Supporting homeless young people in North Warwickshire

NB DoorwayWho are they?
Nuneaton & Bedworth Doorway.

Where are they?
North Warwickshire

What do they do?
Work with vulnerable young homeless people to address their specific housing problems and needs.

How big are they?
A staff of eight.

What did they receive?
MS Exchange Server 2007 SE, copies of Office Professional Plus 2007, Windows XP Pro 32-bit upgrade; Norton Internet Security 2007.

The outcome?
Modern office IT facilities with properly networked and functioning computers.

www.doorway.org.uk

 

Nuneaton & Bedworth is not generally an affluent area: it is rated ‘four’ in the government’s index of deprivation, and some wards within the Borough are placed within the lowest 10% in the UK. Here, Nuneaton & Bedworth Doorway work directly with those 16-25 year olds who are homeless and vulnerable, addressing their immediate needs as well as helping them to increase their life chances by learning to live independently.

Carol Gallagher is Project Co-ordinator at the charity, which has a staff of eight and an income of less than a quarter of a million pounds. In common with so many small charities, it has been difficult to find money to invest in IT. “Our original computers were set up in 2002/3,” Carol explains. “We couldn’t use memory sticks, couldn’t read DVD’s – and we’d got to the stage where they were starting to freeze or switch themselves off. We spent so much time redoing work.”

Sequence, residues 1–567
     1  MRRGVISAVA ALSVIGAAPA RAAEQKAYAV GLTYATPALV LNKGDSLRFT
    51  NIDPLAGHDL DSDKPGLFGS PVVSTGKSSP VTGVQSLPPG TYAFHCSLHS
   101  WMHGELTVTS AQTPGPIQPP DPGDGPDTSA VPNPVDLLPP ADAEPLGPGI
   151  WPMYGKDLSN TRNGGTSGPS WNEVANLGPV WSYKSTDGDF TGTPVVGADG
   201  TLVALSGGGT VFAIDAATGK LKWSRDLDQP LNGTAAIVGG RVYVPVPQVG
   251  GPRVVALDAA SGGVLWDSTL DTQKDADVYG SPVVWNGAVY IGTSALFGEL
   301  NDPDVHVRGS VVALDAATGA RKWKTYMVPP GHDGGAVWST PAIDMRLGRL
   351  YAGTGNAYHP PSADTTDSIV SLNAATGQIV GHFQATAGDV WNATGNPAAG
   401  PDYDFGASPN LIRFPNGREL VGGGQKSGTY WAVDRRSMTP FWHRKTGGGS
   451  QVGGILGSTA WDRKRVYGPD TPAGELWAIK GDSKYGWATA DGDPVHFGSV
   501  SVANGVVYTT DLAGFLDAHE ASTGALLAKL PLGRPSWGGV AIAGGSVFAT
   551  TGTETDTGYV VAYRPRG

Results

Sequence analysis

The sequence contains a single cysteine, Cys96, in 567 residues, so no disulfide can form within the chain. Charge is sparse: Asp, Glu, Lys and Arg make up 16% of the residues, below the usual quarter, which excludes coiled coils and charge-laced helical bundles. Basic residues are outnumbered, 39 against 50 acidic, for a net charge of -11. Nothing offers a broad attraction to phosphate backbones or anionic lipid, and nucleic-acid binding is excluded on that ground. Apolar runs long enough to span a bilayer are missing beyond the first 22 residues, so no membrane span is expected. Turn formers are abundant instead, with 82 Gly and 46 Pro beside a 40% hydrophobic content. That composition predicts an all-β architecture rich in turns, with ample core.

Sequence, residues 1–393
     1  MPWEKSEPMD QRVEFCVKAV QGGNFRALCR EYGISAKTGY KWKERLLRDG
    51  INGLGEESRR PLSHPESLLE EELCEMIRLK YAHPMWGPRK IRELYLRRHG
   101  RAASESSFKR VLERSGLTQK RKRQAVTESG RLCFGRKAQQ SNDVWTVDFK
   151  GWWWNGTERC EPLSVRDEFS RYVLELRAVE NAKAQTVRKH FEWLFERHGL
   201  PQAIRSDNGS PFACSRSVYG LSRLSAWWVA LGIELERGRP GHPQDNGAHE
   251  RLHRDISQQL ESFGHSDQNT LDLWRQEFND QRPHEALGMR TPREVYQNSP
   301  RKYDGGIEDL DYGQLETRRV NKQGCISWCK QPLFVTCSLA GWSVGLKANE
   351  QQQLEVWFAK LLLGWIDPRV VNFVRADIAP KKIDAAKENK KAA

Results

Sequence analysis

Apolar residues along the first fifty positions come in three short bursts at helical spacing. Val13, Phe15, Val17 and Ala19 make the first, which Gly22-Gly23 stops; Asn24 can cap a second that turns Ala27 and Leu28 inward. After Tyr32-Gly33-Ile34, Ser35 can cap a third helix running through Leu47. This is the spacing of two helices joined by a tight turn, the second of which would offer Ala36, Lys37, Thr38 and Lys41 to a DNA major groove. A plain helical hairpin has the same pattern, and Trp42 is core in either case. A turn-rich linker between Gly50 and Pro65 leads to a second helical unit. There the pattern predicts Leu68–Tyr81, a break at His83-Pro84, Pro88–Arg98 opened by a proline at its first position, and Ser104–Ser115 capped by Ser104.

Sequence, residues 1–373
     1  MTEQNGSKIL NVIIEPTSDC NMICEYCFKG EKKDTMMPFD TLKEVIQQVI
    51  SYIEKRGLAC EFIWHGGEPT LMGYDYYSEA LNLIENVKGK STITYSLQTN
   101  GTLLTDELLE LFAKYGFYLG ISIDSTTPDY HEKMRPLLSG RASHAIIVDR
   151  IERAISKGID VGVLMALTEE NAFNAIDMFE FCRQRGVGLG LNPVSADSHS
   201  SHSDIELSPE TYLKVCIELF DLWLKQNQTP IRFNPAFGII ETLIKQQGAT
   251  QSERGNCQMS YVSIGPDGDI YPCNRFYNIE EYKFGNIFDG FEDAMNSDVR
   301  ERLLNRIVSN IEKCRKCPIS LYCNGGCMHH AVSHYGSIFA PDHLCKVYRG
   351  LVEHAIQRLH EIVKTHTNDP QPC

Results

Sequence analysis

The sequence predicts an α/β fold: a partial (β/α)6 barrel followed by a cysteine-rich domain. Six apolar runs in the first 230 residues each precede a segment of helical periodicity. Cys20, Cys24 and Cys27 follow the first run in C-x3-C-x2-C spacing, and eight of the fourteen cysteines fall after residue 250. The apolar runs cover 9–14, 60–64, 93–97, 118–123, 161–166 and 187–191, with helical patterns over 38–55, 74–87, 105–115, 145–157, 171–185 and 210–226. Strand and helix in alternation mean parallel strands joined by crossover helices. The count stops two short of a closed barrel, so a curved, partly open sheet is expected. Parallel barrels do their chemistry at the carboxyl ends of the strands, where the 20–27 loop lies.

A recent grant award enabled the organisation to upgrade their hardware – and then a stroke of luck came their way as a local IT company pointed them towards the CTX programme.

“They were really helpful,” enthuses Carol. “They answered all our questions and clarified the things we needed to know.” The end result was the arrangement of a donation from Microsoft of Exchange Server, up-to-date versions of Office and upgrades to Windows XP, alongside Norton Internet Security from Symantec.

Modern software is clearly essential to running a small office efficiently, and aside from the common tasks of letter-writing, emailing and managing finances, the charity keeps all case notes for its users on the PC network. Internal efficiencies aside however, the programme has made a direct impression on the young people themselves. “Our support workers sometimes take out laptops,” explains Carol, “Or young people might visit our offices. They can now use the PCs here to put together their CV, or to look for jobs on the Internet. We’re very pleased with it.”

 
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